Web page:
Are you twisted?
Ever notice one leg looks longer than the other or you are much more flexible on one side than the other despite your best stretching efforts? Maybe you’ve laid down and noticed one foot falls out and the other doesn’t? Does one side of your ribs flare out more than the other? Are your shoulders even or does one slope lower than the other? Ever squat and notice one knee likes to roll in or out? Are your foot arches even or is one flatter than the other? You may be a little….twisted.
Asymmetry is a normal part of life, most of us are a little…”off”. Many of us are completely unaware of our little, or not so little, asymmetries. But when these asymmetries or imbalances reach a certain threshold, injury and pain can occur. Some people may seek treatment from a chiropractor or other medical professional to help re-align the spine but what helps keep us in that new position? How do we combat the years of habitual unbalanced movement? Re-training.
Pilates addressing asymmetry?
Pilates has been a pillar of movement retraining since the 1930’s when Joseph Pilates introduced Contrology. The purpose of Pilates is to make our bodies more efficient at moving to decrease stress to our joints and decompress our spine. However, it rarely takes into account the most common barrier to efficiency – unbalanced movement patterns. Pilates instructors are actually very good at spotting these asymmetrical signs and patterns but traditional comprehensive Pilates training doesn’t offer the education to understanding these patterns and addressing them. Too often Pilates training assumes that the skeleton and neuromuscular programing of each human being is symmetrical. It just isn’t true! Because of that symmetrical assumption, exercises tend to be given equally on both sides even if one side is stronger than the other. This approach only strengthens the asymmetrical pattern instead of balancing it out.
Instead, consider having the ability to recognize the most dominate overactive patterns that contribute to injury, pain and inefficient movement. Imagine having the tools to accurately target those imbalances and retrain them on the Pilates reformer, chair or mat. These exercises wouldn’t be symmetrical exercises but they would specific and targeted towards that individuals impairments so they can finally balance out those patterns. The Postural Restoration Institute identified the most predictable dominate patterns decades ago and retrains them with specific, targeted exercises to help us be the most efficient movers we can be. Luckily, they have now combined their concepts with Pilates in a new teacher training course to create a new unique “twist” to many of your favorite reformer, chair & mat exercises. You can learn all about these patterns and how to effectively address them in our virtual Pilates class.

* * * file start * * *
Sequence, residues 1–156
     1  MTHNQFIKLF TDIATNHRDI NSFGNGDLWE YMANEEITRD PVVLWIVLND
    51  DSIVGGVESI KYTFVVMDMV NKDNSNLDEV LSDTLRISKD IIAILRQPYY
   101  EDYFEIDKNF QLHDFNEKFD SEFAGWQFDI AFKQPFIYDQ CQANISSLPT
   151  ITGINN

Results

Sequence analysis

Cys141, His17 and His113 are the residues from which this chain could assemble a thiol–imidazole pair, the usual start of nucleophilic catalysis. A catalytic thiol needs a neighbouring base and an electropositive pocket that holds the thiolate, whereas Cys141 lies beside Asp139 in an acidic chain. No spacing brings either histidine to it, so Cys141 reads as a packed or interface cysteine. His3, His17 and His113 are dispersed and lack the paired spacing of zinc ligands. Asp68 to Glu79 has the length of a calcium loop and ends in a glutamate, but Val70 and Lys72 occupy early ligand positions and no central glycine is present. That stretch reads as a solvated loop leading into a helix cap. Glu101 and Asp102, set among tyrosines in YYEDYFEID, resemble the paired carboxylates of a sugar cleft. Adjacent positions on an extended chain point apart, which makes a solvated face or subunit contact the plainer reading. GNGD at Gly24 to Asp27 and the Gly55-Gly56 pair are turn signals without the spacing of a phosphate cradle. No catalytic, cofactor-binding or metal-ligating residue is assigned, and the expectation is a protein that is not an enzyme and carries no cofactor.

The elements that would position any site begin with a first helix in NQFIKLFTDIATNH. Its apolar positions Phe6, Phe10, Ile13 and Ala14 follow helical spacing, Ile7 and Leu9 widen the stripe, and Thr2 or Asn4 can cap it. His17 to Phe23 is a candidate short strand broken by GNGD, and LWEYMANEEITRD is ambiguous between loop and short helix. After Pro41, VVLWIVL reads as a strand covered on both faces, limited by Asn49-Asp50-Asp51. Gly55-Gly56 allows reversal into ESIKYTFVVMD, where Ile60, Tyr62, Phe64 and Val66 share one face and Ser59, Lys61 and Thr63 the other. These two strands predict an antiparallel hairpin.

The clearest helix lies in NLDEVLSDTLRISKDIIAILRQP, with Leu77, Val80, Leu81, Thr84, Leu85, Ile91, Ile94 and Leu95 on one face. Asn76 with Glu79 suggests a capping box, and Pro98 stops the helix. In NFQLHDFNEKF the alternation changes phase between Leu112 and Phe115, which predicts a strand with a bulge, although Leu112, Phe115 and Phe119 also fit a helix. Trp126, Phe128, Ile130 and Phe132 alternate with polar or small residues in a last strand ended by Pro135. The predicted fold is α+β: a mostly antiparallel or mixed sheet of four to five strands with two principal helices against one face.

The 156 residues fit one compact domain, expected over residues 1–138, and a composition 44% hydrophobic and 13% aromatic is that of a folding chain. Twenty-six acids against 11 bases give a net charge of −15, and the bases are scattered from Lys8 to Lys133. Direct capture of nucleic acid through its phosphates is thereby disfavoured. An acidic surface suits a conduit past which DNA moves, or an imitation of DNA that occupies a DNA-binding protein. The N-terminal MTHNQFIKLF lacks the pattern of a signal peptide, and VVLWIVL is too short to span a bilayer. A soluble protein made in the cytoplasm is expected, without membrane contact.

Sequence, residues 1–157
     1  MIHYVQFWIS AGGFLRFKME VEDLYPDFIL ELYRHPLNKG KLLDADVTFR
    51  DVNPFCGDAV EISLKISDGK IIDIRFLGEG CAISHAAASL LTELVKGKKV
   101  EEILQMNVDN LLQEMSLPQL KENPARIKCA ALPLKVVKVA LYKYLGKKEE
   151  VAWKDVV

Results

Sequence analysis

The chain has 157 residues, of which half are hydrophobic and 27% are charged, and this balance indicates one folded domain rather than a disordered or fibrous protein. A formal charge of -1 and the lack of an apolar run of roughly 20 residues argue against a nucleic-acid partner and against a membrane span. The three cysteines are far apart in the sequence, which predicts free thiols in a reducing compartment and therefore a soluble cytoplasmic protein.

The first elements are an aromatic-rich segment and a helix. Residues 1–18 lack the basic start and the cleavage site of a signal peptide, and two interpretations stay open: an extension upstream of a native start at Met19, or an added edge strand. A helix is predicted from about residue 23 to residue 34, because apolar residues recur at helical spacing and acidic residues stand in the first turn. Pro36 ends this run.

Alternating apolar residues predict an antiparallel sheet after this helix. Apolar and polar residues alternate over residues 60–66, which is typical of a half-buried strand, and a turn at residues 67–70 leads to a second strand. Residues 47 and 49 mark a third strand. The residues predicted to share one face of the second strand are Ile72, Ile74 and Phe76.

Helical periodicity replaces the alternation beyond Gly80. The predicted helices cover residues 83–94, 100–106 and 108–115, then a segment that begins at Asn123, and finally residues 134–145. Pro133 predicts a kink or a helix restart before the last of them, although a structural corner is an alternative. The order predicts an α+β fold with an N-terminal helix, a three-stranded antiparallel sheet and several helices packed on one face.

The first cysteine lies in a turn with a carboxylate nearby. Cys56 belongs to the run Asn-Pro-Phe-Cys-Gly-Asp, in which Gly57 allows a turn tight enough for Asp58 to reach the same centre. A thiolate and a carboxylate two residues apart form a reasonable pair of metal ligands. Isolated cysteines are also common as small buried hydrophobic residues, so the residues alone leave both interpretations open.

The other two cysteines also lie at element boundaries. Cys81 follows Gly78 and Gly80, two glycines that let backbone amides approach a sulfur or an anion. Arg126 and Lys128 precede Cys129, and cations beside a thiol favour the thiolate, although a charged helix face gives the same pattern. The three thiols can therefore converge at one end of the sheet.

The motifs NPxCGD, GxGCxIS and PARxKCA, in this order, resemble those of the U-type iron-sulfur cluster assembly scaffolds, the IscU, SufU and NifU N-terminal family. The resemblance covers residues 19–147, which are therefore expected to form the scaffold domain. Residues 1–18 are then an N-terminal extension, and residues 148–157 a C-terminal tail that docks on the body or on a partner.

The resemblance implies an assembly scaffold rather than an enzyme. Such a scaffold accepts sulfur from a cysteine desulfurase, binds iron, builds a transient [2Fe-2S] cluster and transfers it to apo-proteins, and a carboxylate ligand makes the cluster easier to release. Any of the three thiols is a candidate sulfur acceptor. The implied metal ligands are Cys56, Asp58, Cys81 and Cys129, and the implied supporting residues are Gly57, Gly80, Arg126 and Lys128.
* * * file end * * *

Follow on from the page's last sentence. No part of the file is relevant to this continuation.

Pilates is still a wonderful retraining method, but attention to these common habitual, nature driven, asymmetrical patterns is paramount if we want to make our bodies as efficient and pain free as possible.
Starting on July 12th, our virtual Pilates class will be held at 10:30 am on Mondays for eight weeks. Email email@example.com to get signed up today!
Dr. Sarah Petrich’s first interest in movement and the human body was through dance. She’s been dancing for over 25 years and taught dance for over 10 years. Her fascination with movement propelled her to obtain a Bachelor of Science in Exercise Science, as well as a Masters of Physical Therapy in 2005 from St Catherine University. She continued her education to receive a Doctorate of Physical Therapy in 2006.
Inspired by Ron Hruska’s approach to therapy and biomechanics, Sarah received her Postural Restoration Certification (PRC) in 2011. In 2013, she completed her Pilates rehabilitation training with Polestar Pilates and is Pilates Method Alliance Certified. She combines these two specialties to correct musculoskeletal imbalances and asymmetries, decrease pain and increase ease and efficiency of movement so clients become a stronger, balanced and relaxed self.
Sarah continues to be active in dance through dance medicine. She has presented on various topics for Minnesota Dance Medicine Foundation, Postural Restoration Institute’s PRC Conference, Fairview’s MN SportsMedicine Conference, TRIA Orthopaedics, and local dance schools. She is a member of the International Association for Dance Medicine and Science (IADMS) and Minnesota Dance Medicine Foundation (MDMF) where she volunteers to manage and treat at their non-profit clinic for under-insured dancers and promotes dance health through research and community education.